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LifeLine
07-22-2016, 02:05 PM
Here is a method for making a super easy fire starter using vaseline and cotton balls!

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kennymo
07-22-2016, 02:43 PM
Been using that trick for years. A ziplock sandwich bag is OK for storing a batch, but I keep mine in an old pill bottle tucked into my pack, less chance of them escaping the packaging and Vaselining all my spare clothes and hunting gear. It's cheap enough to get this stuff at the pharmacy, but you can be fully set up with a couple years supply by spending $2 at the dollar store on el cheapo cotton balls and a jar of non name brand petroleum jelly. We used these every day to light the stove at moose camp last year.

blacksmithden
07-22-2016, 02:55 PM
Doritos start fires pretty well too.....and you can eat them....I didn't say they were good for you. Lol.

Likeaboss
07-22-2016, 02:59 PM
Doritos start fires pretty well too.....and you can eat them....I didn't say they were good for you. Lol.
Wait, what? Not good for us?

soulchaser
07-22-2016, 06:14 PM
Hand sanitizer works well too.

Squirt some on a hunk of bark/cardboard/whatever else is handy, shoot a spark into in with a flint striker and away you go.

I keep the travel size bottles and a striker in my hunting pack, travel survival kit in my hiking/biking pack, both cars, tackle box ect.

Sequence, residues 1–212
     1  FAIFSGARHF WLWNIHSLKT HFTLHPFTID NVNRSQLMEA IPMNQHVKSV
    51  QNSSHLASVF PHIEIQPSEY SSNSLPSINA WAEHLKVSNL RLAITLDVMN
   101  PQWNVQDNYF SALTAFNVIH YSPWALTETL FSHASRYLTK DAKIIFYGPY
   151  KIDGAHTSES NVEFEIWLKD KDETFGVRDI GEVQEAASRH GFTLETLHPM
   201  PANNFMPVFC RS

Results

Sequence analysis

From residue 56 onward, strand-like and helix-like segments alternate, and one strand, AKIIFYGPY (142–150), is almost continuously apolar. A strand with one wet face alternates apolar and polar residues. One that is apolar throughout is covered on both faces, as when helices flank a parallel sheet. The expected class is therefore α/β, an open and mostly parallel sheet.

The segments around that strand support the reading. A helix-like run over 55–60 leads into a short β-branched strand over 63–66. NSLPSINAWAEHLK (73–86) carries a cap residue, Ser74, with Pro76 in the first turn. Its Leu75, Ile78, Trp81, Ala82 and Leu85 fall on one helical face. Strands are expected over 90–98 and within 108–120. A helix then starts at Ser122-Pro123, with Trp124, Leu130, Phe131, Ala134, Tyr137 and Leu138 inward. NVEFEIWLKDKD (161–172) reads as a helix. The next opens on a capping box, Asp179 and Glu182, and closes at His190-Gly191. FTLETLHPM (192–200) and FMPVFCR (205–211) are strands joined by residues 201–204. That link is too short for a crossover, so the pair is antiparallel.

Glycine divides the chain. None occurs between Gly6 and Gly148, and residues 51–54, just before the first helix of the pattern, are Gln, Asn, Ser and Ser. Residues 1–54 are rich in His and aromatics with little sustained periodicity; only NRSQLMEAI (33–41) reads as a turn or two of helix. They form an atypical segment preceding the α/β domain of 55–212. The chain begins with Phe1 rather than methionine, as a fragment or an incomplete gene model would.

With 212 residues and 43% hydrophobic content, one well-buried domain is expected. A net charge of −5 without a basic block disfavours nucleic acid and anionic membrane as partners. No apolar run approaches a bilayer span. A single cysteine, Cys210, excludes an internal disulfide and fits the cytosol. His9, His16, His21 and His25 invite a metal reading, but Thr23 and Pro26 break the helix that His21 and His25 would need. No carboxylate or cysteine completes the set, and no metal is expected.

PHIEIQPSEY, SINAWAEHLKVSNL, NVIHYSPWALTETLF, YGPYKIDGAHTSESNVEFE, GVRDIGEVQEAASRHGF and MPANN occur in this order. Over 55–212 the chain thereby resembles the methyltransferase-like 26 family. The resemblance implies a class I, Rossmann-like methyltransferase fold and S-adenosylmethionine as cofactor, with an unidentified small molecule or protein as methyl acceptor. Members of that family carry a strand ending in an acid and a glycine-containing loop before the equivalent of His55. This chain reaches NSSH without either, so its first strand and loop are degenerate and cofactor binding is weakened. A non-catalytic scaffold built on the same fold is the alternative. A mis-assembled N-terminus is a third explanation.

Coke
07-22-2016, 07:48 PM
Wait, what? Not good for us?

Don't listen to the haters... It's all good...

IJ22
07-22-2016, 07:51 PM
'round here we just use birch bark. Burns great and you don't have to pack it.

tinbird
07-22-2016, 09:13 PM
coffee whitener (regular not lite)= firestarter :)

Foxer
07-22-2016, 11:21 PM
cotton balls is a very old trick - but i'll do you one better.

Take cotton make up remover pads (must be cotton) and lay them out on some wax paper or other surface. Melt the vaseline (slowly and carefully - petroleum product) and pour a little on each pad. It doesn't take much, you do not want it over saturated but saturated. I usually use a spiral pattern.

Allow to dry.

To use - just pull the pad apart to expose the fibers - they will catch with the slightest spark, even if wet. I've used a dead bic lighter to start them first strike many times.

You don't need a full 'pad' if the wood is even remotely dry, but if it's raining and you're using damp wood then just pull the pad almost in half and light it up. otherwise, a quarter or half of a pad will do nicely.

These are FAR FAR less messy, you don't get all vaseline-y handling them, they work like a charm and they're easier to pack. They will roll up, so you can do the 'straw' trick or keep them in a 'waterproof match' container with a small ferro rod, or a metal 'mint' tin works amazingly well and contains enough for many fires and a fire source. It takes only one or two tries to get the perfect amount of vaseline figured out for a single pad.

Same thing, just a little better and less messy.

blacksmithden
07-23-2016, 12:59 AM
cotton balls is a very old trick - but i'll do you one better.